Kodak’s failure can be attributed to their failure to fully embrace the potential of digital cameras and their impact on consumer photography. Additionally, they focused on catering to both amateur and professional photographers, expanding their market. However, rather than emphasizing product quality, they prioritized speed-to-market to outpace competitors. Adaptation to changing market needs was a continuous effort for Kodak.
The company, Fussily, experienced great success by diversifying its operations to include medical products such as x-ray imaging and nutritional vitamins. They also utilized their chemical expertise in photo developing to enter the personal cosmetics industry. In contrast, Kodak faced limitations in maximizing its potential. It is essential for any company to integrate flexibility into decision-making and prioritize research and development as vital components of this process.
Continuously enhancing your products and services will significantly increase the likelihood of outpacing your competitors and remaining at the forefront of your industry. While you may not be responsible for every breakthrough in your market, having a strong emphasis on research and development enables you to swiftly react to innovations from rival firms. Moreover, prioritizing research and development enhances your capacity to proactively shape the market landscape, rather than simply reacting to its fluctuations. Regularly analyzing the external environment is yet another method of cultivating adaptability.
By actively monitoring external market trends and anticipating competitor actions, the company can prevent being caught off guard and promptly respond to changes. Additionally, scanning the external environment assists in identifying any possible supply or demand issues, thereby preventing unexpected disruptions. For instance, failing to monitor the external environment may lead to overlooking the potential implications of a government shutdown. In such a scenario, if a substantial portion of the customer base is impacted by the shutdown, their purchasing power could decrease and result in reduced sales of the company’s products.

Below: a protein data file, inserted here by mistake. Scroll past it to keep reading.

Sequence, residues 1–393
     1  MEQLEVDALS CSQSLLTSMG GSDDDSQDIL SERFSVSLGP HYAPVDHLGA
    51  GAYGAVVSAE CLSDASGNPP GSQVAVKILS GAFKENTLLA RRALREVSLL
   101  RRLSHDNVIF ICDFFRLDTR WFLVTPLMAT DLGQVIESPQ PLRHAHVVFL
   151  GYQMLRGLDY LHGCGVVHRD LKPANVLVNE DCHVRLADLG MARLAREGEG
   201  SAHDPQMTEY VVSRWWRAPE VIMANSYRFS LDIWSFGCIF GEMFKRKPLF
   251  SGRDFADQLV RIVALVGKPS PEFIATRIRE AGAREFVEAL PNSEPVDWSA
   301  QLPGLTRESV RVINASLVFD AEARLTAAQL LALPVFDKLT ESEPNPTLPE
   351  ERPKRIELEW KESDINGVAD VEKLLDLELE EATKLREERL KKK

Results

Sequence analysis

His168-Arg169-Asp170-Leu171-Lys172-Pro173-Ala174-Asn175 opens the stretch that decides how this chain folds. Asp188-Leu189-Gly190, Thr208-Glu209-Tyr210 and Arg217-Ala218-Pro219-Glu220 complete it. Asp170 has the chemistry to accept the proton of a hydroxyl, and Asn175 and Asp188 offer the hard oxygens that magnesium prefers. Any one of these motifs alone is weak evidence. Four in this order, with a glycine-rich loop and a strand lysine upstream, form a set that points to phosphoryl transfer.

To prevent damage caused by a shift in consumer loyalty and competition from lower-priced competitors, I recommend three strategies for companies to increase flexibility. One of these strategies is the periodic rotation of positions within the company’s decision-making body. This can enhance the chances of generating new ideas to improve profitability and establish a stronger market presence. Instead of completely overhauling the board, my suggestion is to selectively rotate qualified individuals into positions without replacing the entire board.
By retaining some of the existing board members while periodically replacing a few individuals, it becomes possible to maintain a consistent company direction without undergoing significant shifts.